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February 27, 1997 - Image 4

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The Michigan Daily, 1997-02-27

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4A - The Michigan Daily - Thursday, February 27, 1997

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420 Maynard Street
Ann Arbor, MI 48109
Edited and managed by
students at the
University of Michigan

JOSH WHITE
Editor in Chief
ERIN MARSH
Editorial Page Editor

Unless otherwise noted, unsigned editorials reflect the opinion of the majority of the Dailys editorial board. All
other articles, letters and cartoons do not necessarily reflect the opinion of The Michigan Daily.
FROM THE DAILY

Second ti
Repackaging does not
own but not yet out for the count, the
University's community service van-
guard again placed an item on the March
Michigan Student Assembly election ballot.
The $1 fee increase would go to UM.Serve,
Project Serve's new moniker, for further
disbursement to other campus community
service groups. Last fall, students defeated
a similar ballot proposal asking for $1.50
fee increase. In order to get a fee increase
or the ballot without assembly approval,
UM:Serve collected 1,159 signatures.
Wie community service programs are
inWprtant and deserve support, their fund-
in should come from MSA's Budget
Prt nties Committee, the University, or
program participants - not students who
do not participate in the programs.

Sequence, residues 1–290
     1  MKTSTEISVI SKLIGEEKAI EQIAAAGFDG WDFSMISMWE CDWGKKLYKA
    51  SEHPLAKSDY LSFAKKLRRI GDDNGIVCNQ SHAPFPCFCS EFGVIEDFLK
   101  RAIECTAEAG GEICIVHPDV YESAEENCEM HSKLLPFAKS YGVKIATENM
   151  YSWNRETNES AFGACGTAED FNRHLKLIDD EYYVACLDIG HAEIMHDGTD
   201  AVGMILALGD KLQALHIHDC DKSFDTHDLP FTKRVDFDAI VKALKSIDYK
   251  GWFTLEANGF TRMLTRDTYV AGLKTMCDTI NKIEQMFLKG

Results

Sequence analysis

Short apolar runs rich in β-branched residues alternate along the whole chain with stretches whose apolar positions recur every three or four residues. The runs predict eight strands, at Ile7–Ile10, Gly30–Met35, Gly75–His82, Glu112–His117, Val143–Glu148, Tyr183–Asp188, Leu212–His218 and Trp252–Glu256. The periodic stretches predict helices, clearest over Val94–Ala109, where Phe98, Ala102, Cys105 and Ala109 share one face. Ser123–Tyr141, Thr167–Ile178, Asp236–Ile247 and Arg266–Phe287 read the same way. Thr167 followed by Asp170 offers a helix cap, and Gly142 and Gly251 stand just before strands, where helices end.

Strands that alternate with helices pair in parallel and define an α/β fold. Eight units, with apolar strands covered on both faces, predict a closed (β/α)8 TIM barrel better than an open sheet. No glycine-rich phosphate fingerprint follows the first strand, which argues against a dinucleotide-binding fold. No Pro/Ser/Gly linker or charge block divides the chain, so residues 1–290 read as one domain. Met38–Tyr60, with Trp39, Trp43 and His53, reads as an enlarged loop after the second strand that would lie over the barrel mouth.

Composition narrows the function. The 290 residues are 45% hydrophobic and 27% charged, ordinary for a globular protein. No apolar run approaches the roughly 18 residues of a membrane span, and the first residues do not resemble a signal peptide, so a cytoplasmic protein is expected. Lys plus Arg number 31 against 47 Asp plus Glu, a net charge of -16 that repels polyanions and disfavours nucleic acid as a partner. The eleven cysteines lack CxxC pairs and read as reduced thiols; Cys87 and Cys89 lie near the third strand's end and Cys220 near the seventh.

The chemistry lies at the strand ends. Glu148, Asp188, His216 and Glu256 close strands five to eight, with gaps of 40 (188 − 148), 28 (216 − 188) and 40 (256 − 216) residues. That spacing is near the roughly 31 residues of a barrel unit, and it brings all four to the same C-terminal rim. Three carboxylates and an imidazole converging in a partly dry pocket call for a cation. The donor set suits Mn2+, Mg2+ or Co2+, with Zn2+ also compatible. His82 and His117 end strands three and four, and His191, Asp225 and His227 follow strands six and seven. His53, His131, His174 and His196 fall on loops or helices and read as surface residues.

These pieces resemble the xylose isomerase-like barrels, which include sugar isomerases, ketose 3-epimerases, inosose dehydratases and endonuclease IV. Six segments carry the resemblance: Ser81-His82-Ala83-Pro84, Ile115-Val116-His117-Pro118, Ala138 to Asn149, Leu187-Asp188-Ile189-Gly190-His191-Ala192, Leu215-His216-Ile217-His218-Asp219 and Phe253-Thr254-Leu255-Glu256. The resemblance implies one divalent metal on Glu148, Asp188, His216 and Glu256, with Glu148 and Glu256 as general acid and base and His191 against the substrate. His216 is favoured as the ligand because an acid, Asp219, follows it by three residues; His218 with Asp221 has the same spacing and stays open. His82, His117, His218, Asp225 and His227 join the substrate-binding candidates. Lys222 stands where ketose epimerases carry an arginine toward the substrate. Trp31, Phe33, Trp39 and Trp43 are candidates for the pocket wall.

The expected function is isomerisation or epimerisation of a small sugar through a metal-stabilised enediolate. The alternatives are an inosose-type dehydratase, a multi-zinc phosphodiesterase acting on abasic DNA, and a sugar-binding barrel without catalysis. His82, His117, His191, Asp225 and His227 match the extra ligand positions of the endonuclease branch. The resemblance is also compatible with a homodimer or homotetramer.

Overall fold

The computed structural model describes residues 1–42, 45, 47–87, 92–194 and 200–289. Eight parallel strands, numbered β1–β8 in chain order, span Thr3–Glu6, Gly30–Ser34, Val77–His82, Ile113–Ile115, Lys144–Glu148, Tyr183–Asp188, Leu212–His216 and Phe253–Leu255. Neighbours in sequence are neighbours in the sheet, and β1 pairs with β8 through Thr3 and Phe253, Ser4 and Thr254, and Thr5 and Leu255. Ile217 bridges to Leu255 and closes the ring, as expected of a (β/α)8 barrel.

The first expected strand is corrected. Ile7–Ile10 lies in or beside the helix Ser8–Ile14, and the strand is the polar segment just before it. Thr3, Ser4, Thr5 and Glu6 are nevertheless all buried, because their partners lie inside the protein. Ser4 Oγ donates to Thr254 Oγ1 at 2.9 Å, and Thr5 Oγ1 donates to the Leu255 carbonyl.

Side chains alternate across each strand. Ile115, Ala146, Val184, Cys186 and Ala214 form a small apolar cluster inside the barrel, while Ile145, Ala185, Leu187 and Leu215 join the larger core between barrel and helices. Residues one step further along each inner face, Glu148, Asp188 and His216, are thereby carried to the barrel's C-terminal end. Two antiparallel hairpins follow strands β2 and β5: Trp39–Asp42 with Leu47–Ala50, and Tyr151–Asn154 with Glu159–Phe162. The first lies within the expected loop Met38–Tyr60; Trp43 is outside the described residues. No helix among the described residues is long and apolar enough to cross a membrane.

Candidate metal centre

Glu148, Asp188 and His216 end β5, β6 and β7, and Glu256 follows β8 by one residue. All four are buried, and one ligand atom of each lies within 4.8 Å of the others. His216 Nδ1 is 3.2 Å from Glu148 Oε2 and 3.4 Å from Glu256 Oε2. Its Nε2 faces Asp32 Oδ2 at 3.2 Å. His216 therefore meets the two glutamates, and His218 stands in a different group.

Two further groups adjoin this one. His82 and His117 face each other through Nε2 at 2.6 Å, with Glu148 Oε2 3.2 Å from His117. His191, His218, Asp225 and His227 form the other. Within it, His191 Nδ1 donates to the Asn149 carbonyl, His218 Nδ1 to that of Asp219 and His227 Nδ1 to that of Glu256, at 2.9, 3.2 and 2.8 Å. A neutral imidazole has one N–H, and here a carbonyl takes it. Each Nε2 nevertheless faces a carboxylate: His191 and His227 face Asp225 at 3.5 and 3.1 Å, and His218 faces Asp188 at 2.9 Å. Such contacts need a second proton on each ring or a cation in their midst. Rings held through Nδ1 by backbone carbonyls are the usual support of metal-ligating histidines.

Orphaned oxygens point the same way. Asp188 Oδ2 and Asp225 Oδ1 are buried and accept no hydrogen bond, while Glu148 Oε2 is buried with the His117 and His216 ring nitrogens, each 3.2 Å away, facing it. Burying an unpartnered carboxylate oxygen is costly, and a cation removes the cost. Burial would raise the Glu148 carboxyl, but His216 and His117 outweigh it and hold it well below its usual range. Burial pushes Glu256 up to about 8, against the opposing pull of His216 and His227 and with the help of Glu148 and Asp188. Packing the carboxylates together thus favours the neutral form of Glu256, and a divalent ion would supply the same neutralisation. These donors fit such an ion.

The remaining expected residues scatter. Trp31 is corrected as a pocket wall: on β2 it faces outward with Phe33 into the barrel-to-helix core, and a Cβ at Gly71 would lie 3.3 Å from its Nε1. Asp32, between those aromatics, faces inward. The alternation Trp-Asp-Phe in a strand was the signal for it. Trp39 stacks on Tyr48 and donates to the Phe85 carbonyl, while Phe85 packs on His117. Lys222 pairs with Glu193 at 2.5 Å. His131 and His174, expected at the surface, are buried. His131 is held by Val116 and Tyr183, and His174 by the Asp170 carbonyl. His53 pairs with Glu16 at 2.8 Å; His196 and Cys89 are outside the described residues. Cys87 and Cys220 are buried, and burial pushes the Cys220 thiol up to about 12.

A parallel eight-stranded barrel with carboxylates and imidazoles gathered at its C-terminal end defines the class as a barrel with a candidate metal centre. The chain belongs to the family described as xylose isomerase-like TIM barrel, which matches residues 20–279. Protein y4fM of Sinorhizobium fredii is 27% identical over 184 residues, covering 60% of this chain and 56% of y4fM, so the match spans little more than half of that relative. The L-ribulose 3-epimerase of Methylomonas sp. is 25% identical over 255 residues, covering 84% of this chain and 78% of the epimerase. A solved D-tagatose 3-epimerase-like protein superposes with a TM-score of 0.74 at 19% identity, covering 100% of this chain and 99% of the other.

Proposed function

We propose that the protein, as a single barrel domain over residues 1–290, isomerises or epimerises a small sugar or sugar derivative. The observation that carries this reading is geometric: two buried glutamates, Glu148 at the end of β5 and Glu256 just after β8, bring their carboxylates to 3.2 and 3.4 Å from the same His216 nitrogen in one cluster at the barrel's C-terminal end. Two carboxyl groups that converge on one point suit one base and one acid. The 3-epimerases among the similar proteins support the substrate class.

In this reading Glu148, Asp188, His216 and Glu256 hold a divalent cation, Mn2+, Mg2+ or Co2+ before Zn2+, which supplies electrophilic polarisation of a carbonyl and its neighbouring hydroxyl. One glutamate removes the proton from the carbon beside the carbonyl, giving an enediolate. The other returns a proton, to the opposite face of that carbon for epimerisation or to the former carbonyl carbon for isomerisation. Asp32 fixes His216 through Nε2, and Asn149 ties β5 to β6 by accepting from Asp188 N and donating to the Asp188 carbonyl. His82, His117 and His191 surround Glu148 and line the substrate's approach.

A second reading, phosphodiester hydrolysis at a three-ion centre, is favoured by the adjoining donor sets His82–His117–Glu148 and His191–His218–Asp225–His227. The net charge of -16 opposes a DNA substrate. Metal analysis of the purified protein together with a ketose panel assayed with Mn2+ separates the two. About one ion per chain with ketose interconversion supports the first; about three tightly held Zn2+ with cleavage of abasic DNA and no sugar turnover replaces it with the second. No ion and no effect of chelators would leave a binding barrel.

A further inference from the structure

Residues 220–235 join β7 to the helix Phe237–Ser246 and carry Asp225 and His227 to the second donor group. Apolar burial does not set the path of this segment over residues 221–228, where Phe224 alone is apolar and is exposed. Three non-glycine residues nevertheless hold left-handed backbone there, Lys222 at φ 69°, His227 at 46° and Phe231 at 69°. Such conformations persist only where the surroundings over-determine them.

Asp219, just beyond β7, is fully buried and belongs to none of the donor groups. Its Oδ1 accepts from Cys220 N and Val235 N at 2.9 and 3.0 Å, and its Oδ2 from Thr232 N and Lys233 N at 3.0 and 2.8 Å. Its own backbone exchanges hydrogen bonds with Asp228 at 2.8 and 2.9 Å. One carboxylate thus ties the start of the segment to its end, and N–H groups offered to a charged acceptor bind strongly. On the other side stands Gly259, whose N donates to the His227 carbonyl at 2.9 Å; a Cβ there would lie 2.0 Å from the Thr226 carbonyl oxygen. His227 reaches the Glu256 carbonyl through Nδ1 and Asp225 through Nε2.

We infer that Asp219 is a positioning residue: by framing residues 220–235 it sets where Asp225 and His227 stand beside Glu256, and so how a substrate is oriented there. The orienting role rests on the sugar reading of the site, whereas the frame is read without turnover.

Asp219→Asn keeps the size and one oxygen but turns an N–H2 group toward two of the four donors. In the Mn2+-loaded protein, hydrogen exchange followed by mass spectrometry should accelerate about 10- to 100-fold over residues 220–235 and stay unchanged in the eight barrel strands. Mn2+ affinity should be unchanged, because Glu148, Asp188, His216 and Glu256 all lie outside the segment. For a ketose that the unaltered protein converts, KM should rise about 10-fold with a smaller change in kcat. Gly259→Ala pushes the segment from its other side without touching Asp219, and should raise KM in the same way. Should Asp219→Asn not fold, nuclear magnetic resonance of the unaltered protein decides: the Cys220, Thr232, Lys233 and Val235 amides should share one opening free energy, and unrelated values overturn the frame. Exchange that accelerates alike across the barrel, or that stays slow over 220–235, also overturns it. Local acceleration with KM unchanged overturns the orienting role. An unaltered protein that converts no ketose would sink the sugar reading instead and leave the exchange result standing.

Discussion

Carmen Tomshack, a Campus Programs
Leadership Team member, stated that the
new proposal is more concise than its earli-
er counterpart. It uses the same structure to
handle the money and essentially serves the
same group of organizations. The only sig-
nificant difference lies in the size of the fee
increase - it is down to $1 this semester.
The proposal is another stab at getting an
already-rejected idea to come to fruition.
Stients should again defeat the proposal.
ZA 13-member committee, under the
gu sof UM.Serve, would manage the fee
reV ne - making the committee into a
cle finghouse for student and University
community service groups. BPC already
serv as a centralized hub for funding stu-
denfgroups - creating another would be
counterproductive and trounce over BPC's
jurdiction. The proposal would allow
UM.Serve to usurp some of BPC's power. A
A coi
FDA approval should
he Food and Drug Administration
declared Monday that high doses of
certan standard birth control pills are a safe
and effective way to prevent pregnancy
when used as "morning after" pills follow-
ing unprotected sex. "The best-kept contra-
ceptive secret is no longer a secret," FDA
Conmissioner David Kessler said. The
FOA was slow in approving the option -
European women have successfully used
the pill for years. However, while a valuable
option for crises, the pill is not perfect. It is
not an alternative to unprotected sex - the